Ed McKay isn’t one of those technology-for-technology’s-sake kind of guys. While he might be impressed by improved compression or throughput, he really lights up when technology satisfies a customer need.
“It doesn’t really matter how great the technology is if you’re not providing customers the services that they want,” says McKay.
Armed with degrees in electrical engineering from the University of Virginia, McKay joined Shentel in 2004 after engineering management jobs with UUNET and Verizon. In 2015, Shentel promoted him to SVP, engineering and operations, and he now oversees network planning, engineering, construction and operations for Shentel.
Shentel’s broad portfolio means it’s a regular challenge to deliver cost-effective services across its rural service area. That’s where leverage comes in handy.
“We leverage our fiber network to residential customers and backhaul to our own cell sites and fiber for business and education customers,” McKay explains.
Ten years ago when Shentel was in acquisition mode, McKay was tasked by then-COO Earle MacKenzie to perform the due diligence on the rural cable systems the operator bought. “We started acquiring fixer-upper systems—everything from coaxial cable attached to trees and strung through the woods, to headends made out of Home Depot utility sheds, with air conditioning units stuck in the sides,” McKay laughs.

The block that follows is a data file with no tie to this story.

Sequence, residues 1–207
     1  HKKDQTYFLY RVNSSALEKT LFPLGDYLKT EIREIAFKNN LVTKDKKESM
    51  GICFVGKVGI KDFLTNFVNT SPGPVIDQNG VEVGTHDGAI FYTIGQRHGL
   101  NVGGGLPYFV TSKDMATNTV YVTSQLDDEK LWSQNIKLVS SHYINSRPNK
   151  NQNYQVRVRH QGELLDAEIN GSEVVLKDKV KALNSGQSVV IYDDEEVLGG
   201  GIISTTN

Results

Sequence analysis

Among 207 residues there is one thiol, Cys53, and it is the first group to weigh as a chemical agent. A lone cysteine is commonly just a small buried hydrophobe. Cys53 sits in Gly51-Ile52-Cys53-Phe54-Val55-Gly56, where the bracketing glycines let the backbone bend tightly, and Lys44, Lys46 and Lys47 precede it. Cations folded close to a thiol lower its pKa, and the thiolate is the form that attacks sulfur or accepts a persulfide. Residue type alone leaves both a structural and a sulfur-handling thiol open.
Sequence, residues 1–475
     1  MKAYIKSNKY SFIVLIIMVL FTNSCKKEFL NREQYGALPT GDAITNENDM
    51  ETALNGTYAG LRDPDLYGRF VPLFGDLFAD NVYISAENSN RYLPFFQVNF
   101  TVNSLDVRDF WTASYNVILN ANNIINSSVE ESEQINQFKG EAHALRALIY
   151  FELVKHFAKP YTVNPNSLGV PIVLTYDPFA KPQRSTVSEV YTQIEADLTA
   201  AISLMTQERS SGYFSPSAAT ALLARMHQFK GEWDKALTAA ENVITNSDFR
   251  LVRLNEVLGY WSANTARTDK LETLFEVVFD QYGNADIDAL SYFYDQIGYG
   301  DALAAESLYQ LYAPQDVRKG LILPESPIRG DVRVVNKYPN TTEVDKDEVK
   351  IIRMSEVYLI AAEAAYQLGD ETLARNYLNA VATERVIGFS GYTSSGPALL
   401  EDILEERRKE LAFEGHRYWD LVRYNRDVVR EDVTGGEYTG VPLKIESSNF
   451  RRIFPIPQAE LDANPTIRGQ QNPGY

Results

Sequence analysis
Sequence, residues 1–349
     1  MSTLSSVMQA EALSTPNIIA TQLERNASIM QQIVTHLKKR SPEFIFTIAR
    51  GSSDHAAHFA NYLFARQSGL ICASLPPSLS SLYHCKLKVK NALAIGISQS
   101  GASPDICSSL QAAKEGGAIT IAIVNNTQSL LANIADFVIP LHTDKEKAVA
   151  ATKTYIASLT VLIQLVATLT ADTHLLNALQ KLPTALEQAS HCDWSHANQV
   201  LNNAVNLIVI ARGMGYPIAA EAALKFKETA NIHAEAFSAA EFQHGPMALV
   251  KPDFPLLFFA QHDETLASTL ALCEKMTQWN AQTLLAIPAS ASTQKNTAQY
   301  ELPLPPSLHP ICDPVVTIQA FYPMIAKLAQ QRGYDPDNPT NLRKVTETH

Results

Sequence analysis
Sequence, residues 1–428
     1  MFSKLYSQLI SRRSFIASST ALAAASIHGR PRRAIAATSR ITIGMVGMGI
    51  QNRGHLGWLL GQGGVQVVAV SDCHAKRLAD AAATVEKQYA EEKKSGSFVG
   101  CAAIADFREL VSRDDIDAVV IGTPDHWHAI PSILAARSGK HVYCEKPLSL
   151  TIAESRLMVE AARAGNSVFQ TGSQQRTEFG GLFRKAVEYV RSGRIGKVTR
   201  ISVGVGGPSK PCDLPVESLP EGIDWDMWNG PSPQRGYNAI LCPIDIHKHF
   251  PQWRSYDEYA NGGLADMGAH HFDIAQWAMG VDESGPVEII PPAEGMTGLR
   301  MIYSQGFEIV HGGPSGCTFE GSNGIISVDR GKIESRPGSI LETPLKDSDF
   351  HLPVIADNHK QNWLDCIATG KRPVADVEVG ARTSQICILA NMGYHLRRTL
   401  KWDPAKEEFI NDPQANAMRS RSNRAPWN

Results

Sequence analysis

He wrote a business plan for what it would cost to upgrade some of the rural systems, which would be submitted to the board of directors as part of the approving the acquisition. Once approved, McKay hit the budget estimate within 2%. Results like that got McKay noticed within Shentel, according to the now-retired MacKenzie.
“The focus of my career had been engineering and technology, and Earle really challenged me to take on some responsibilities outside my comfort zone,” McKay recalls. “My time with the sales and marketing department gave me a great appreciation for folks in those roles.”
In their 14 years of working together, MacKenzie helped McKay understand the entire business, rather than just the technology from the engineering stand point.
“I’ve always taken the position that when you have a great athlete in the business world, you give them opportunities to expand,” MacKenzie says. It was a conscious decision on the COO’s part to give McKay more responsibilities “because I thought he was and is an exceptional talent,” MacKenzie says, adding he wouldn’t be surprised if McKay ended up running Shentel some day.
In the meantime, McKay encourages his team to be “fast followers,” which he describes as monitoring what larger players are doing, learning from their mistakes, then adapting to Shentel’s more rural environments. “It’s helped us avoid mistakes that other providers made early on,” McKay says, once again demonstrating that potent mix of technology expertise and business acumen.
– Terry Sweeney